'There’s a Place for Us'
Leonard Bernstein: West Side Story: “Somewhere” – Songfest: “A Julia de Burgos” – 1600 Pennsylvania Avenue: “Take Care of this House”- Candide: “Glitter and be Gay”
Heitor Villa-Lobos: Bachianas Brasileiras N° 5: “Aria” (Cantilena) – Floresta do Amazonas, W551: “Canção de Amor” – “Melodia Sentimental”
Ricky Ian Gordon: Only Heaven: “Stars” – Will There Really be a “Morning”?
Christopher Theofanidis: The Cows of Apollo: “Maia’s Aria"
Stephen Foster (arr. B. Coughlin): Jeanie With the Light Brown Hair
Osvaldo Golijov: Lúa Descolorida
Igor Stravinsky: The Rake’s Progress: “No Word from Tom”
Nadine Sierra (soprano), Royal Philharmonic Orchestra, Robert Spano (conductor)
Recording: Angel Recording Studios (Studio 3), London, England (October 2017) – 66’42
Deutsche Grammophon B0028836-02 – Booklet in English and German
If words can translate into song, then Nadine Sierra wills exactitudes of emotional beauty. Despite her youthful looks, this Ft. Lauderdale native has tremendously mature timbre even at 30 years of age. This album is more than singing of notes and vibrato: this debut brings passionate diplomacy for peace and search of solace.
Innocently positioned inside the CD case is a Dalai Lama XIV inscription. Citing a parcel of his wisdom aids in understanding Mlle. Sierra’s desideratum: “…The problems that confront us today are created by man, whether they are violent conflicts, destruction of the environment, poverty, or hunger. These problems can be resolved thanks to human efforts, by understanding that we are brothers and sisters and by developing this sense of fraternity...” Nadine Sierra rises to such an occasion by choosing music originating from words…those words translate into music which assuage adversity in our ongoing turbulent world. The communiqué reads simply and credibly.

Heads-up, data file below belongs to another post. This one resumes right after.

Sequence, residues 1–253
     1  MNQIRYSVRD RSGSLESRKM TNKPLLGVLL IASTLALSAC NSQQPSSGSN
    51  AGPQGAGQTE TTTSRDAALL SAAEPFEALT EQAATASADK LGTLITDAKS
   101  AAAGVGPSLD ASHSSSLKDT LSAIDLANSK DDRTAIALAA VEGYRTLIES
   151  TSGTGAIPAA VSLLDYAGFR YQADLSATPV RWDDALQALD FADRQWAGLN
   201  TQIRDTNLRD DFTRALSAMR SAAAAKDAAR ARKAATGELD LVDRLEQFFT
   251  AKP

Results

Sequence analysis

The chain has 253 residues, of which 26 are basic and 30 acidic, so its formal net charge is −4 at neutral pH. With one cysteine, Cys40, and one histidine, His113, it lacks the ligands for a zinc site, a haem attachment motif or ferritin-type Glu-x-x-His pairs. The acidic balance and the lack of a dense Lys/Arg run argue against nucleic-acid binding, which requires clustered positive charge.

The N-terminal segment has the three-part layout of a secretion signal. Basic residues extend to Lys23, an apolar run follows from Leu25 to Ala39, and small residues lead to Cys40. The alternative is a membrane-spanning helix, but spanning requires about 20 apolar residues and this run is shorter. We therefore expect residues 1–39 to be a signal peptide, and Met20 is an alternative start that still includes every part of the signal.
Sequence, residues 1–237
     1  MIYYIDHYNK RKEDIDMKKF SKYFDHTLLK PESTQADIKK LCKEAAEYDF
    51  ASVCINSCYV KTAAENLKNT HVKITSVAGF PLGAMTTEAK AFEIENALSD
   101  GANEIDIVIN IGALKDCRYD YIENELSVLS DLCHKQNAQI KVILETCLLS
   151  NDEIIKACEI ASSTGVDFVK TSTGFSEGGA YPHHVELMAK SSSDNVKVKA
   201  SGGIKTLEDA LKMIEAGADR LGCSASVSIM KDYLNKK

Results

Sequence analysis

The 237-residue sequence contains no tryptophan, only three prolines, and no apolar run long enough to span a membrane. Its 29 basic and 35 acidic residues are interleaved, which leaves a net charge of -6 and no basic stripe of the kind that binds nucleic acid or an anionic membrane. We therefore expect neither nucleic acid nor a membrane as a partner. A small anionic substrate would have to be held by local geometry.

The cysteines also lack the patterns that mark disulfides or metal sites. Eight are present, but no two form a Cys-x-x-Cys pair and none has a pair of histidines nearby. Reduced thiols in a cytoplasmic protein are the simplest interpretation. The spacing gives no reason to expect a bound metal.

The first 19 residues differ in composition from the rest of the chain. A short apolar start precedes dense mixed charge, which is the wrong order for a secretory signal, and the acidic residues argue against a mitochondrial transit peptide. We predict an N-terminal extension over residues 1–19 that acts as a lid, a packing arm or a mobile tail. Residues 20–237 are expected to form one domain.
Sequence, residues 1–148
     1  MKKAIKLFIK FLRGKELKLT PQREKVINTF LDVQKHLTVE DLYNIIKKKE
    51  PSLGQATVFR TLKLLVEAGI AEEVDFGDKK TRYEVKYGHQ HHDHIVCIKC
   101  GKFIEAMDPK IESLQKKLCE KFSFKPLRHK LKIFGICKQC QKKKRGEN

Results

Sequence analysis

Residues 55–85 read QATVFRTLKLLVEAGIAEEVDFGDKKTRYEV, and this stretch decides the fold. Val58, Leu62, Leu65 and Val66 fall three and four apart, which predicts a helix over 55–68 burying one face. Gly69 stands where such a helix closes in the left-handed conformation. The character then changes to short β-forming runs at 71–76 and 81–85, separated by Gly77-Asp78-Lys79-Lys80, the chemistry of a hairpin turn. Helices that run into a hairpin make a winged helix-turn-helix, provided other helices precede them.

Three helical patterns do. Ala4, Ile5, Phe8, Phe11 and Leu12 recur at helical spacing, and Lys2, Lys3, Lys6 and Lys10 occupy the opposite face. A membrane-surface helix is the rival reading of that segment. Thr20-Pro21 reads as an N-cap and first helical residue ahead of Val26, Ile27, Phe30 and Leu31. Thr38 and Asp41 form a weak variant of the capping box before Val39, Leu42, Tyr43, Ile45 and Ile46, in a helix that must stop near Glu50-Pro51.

One senses Nadine Sierra is ensconced inside a spirit of understated graciousness. This young lady’s Puerto Rican and Portuguese ancestry reaches beyond her roots by finding ways to dissolve cultural boundaries and to embrace mankind. One of opera’s up-and-coming millennial “Goodwill Ambassadors”, Nadine Sierra circles the wagons around a message of positive outcome while succeeding atop a grounded substrate. A single listen-through of 'There’s a Place for Us' congeals and convinces.
Now in his 18th season as Music Director of the Atlanta Symphony Orchestra (ASO), Robert Spano has fostered multiple relationships with living composers, collectively dubbed the “Atlanta School.” These modern-day artists, whose music is supported by literary craftsmanship, builds upon the soprano’s ideals that nicely mirror beneath M. Spano. The ASO is a “musical Tempur-Pedic © mattress” of sorts: the buoyancy supports and envelopes Nadine Sierra’s blessed resonances.
Each of the compositions has much to say. The scale draws upon varying levels of warm introspection and exploration. Not only will one find ageless favorites such as Bernstein’s “Somewhere” and Foster’s “Jeanie With the Light Brown Hair”, one will be exposed to lesser-known jewels including Bernstein’s political metaphor, “Take Care of This House” and two pieces penned for the 1959 movie Green Mansions. As a fleeting memento, Villa-Lobos’ "Canção de Amor" rallies in a dreamy argument and verifiable dolor genuino.
Much of what Nadine Sierra sings triggers a bountiful and vibrant landscape, much like a salient watercolor wash: one pays greater attention to the power of words in a so called “call to action.” Both of Ricky Ian Gordon’s selections strike a deep nerve. In particular, the “Will There Really be a “Morning”?”, set to the writings by Emily Dickinson, is emotionally arresting.
A showcase aria for any and all an aspiring soprano is the sassy Candide favorite “Glitter and be Gay.” Nadine Sierra has forthright carry in her notes, and the crowning conclusion blisters with bliss. It’s quite fabulous, but because of her smoky register and deeper warmth, this tends to pry away from Cunégonde’s playful repartee.
Gifted with sonority of lyrical duskiness, Mlle. Sierra’s tone may strike the listener as an early Maria Callas. One of the grandest examples of solemn expression can be found within Osvaldo Golijov’s “Lúa Descolorida.” There is a bold gravitas paralleled inside her soulful vocal chemistry.
Winner of the 2017 Richard Tucker Award and having made triumphant portrayals of Gilda and Lucia, it's no surprise to deduce [that] Nadine Sierra is destined for nothing short of a promising rise to operatic stardom: we hail her future aspirations.
Nadine Sierra Website